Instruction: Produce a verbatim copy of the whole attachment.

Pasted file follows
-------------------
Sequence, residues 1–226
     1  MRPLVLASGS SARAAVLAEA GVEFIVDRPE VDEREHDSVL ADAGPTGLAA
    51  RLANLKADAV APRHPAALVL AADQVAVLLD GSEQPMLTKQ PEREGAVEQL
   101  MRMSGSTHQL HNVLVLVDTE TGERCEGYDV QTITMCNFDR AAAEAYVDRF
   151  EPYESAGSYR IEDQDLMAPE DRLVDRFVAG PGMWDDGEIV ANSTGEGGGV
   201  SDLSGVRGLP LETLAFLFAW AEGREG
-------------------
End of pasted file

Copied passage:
Sequence, residues 1–226
     1  MRPLVLASGS SARAAVLAEA GVEFIVDRPE VDEREHDSVL ADAGPTGLAA
    51  RLANLKADAV APRHPAALVL AADQVAVLLD GSEQPMLTKQ PEREGAVEQL
   101  MRMSGSTHQL HNVLVLVDTE TGERCEGYDV QTITMCNFDR AAAEAYVDRF
   151  EPYESAGSYR IEDQDLMAPE DRLVDRFVAG PGMWDDGEIV ANSTGEGGGV
   201  SDLSGVRGLP LETLAFLFAW AEGREG